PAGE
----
Hello everyone! I hope you are all well.
We are delighted to share with you a summary of the first week of the International Training Programme! As you all may know, the programme always begins with introduction of the British Museum by Neil MacGregor and the British Museum departments, followed by a day of participant presentations. This is the first opportunity we get to meet everyone formally, although there has been a series of email correspondences before their arrival. In the first week we spent quite a lot time on collections management, databases, libraries and archives.
We had a special session on ‘Childhood & Children Museum’ at closing in the week on Friday. It was an interactive session in which each participant shared their ideas about museums for children; and of course how childhood has been depicted in their culture. Ian Jenkins, Curator, Greece & Rome led the session with his eloquent speech on how ancient Greeks utilised childhood through depicting it on their intricately designed vases: they have also immortalised the memory of childhood in their mythology. Bilwa Kulkarni, Educator (and ITP 2015 participant!) from Chhatrapati Shivaji Maharaj Vastu Sangrahalaya (CSMVS), India shared her plan and ideas of how essential it is to have a ‘Children’s Museum’ at the CSMVS premises. The week ended with a ‘Weekly Evaluation’, in which we discussed about the ‘Highlights’ of the week and expectations!
Below are tweets from our participants about their feelings, challenges they are facing, and the learning and experiences of this first week:
- “Such an exciting day. Full of things and people. An unforgettable tour by Ian Jenkins in the Enlightenment Gallery and then in the Parthenon Gallery celebrating the universality of classical antiquity and the value of the (collected) beauty. Lots of expectations and interesting people. Excited to be back in a global city and a global museum which have reserved a place for me as well.” Esther Solomon, Greece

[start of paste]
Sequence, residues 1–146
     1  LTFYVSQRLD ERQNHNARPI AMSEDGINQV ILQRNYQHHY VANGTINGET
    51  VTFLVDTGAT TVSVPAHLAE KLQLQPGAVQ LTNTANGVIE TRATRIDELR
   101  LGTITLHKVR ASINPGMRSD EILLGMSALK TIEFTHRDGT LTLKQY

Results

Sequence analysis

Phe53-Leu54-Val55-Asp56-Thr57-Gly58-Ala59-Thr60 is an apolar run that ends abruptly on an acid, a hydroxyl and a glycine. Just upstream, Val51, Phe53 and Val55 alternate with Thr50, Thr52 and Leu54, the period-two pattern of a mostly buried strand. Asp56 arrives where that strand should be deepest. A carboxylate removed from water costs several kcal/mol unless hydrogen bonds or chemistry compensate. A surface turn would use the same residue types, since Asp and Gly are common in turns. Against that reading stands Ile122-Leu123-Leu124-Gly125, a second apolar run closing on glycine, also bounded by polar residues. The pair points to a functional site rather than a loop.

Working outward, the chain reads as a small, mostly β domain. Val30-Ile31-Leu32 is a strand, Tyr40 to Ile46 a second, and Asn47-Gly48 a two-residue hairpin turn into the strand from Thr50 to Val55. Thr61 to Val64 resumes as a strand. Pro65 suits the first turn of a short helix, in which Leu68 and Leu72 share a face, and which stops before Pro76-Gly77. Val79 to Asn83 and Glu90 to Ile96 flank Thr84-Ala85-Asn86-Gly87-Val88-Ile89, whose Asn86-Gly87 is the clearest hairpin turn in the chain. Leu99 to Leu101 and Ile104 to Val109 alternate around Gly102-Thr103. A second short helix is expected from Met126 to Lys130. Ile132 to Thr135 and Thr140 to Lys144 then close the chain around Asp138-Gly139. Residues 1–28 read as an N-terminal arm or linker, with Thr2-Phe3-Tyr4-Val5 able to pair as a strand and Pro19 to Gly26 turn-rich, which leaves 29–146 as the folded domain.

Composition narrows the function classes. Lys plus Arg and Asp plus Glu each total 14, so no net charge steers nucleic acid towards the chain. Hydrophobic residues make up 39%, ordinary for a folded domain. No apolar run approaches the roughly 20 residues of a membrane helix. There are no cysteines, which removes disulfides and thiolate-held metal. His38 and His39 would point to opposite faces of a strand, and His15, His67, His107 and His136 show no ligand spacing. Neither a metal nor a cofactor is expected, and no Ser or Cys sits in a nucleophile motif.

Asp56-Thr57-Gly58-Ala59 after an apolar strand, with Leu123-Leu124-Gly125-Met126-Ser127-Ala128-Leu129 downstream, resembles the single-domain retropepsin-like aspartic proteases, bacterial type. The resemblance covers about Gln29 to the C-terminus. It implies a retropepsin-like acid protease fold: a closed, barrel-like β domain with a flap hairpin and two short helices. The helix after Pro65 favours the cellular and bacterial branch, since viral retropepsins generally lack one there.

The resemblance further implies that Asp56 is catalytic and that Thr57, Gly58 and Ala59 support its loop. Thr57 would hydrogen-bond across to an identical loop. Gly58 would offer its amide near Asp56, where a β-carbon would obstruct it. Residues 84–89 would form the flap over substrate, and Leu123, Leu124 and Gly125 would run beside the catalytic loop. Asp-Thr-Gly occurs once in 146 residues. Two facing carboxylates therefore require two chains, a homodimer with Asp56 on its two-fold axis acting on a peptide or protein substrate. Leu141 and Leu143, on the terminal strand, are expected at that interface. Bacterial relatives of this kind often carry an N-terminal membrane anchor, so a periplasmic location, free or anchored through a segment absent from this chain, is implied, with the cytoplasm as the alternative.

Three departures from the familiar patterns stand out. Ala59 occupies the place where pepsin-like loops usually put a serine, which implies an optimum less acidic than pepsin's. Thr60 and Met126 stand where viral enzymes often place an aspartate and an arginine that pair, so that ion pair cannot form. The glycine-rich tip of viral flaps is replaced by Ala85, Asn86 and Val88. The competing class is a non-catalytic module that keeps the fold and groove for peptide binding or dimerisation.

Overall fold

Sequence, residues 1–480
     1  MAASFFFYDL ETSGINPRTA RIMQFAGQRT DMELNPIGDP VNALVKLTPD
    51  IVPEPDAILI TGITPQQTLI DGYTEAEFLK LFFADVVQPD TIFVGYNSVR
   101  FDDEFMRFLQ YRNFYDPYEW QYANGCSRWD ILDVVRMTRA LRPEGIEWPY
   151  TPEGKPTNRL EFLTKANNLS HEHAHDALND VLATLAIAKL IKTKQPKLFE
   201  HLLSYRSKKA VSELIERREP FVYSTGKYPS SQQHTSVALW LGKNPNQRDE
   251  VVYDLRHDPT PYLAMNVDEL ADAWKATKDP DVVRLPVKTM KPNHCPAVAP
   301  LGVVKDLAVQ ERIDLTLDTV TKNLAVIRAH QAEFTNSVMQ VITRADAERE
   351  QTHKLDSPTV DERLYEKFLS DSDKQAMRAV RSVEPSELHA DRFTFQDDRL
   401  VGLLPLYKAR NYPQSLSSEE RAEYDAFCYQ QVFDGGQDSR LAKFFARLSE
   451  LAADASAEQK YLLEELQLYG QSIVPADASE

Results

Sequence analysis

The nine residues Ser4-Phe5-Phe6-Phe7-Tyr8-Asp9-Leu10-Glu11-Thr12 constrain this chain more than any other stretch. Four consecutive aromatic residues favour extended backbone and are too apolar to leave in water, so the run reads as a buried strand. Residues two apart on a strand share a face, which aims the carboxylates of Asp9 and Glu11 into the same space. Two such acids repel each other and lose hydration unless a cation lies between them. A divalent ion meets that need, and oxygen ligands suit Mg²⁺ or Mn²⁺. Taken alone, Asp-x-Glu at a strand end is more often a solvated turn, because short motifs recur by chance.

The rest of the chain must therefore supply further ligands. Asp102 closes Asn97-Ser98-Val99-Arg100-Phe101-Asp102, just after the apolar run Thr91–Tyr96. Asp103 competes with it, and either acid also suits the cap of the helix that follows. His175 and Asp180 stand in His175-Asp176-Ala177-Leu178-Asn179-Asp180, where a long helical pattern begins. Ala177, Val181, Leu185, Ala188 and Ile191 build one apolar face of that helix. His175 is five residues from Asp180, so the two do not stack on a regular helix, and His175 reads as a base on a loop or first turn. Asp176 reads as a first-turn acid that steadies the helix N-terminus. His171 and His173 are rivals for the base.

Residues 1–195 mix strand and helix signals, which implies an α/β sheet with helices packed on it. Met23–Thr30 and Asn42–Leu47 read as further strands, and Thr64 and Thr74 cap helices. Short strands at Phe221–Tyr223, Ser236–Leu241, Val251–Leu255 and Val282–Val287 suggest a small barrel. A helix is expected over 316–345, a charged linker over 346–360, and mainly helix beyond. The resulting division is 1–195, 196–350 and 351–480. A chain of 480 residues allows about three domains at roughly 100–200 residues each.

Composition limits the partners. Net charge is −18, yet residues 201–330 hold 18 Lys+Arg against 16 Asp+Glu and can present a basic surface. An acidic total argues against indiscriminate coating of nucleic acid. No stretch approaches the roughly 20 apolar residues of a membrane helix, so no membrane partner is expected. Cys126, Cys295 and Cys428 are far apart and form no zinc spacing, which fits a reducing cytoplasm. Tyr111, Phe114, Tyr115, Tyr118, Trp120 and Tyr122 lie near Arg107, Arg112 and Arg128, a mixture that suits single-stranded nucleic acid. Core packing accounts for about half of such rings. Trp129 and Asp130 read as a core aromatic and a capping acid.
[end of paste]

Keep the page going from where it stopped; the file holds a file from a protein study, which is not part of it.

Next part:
- On the second day of the ITP, our participants ‘Introduction Day’, Bahra shares her experience:
“I spent a very busy day but I got the opportunity to know about different museums around the world. All participants gave me different new theories about museums. It seems today I visited all of those museums in one day. The evening was a great occasion to meet other staffs in British Museum”. Bahra Salih Abdulrahman, Kurdistan
- “About a week before I arrived in London, I’d been hearing all about the glorious summer with soaring temperatures in the 30s (celsius). The morning I arrived, it was about 12 degrees and pouring…I really shouldn’t have been surprised. I’d heard this saying once about how New York was an oil painting and London a watercolour. That morning, tired after taking an overnight flight, I remembered that quote, and it made more sense to me than it ever had before. It was still good to be here though, to breathe the air and smell the promise in it.” Zarmeene Shah, Pakistan
- “Course arrangement is interesting and methodical. We now have an overall understanding of the British Museum’s operations. However, the setup of elective courses for us to choose based on our professional and interest, will be better for the whole program. I hope to communicate with you though language is the biggest obstacle. I am very grateful to my Chinese colleagues and specially Emma for their support.” Li Lan, China
- “Absolutely wonderful session on childhood and children’s museums & a dynamic context in which we got to talk about our perspectives on the subject. As a mother of two children I felt what we were doing today was indeed very relevant, for all, for the young and for the young-at-heart!” Tugba Tanyeri Erdemir, Turkey
As you can see, there is an astonishing sense of seeing ‘all the museums’ in one day; a poetic narrative of arriving in London, alongside an effort for making friendship with others breaking the language barrier. This is it for now; more will be followed in coming weeks.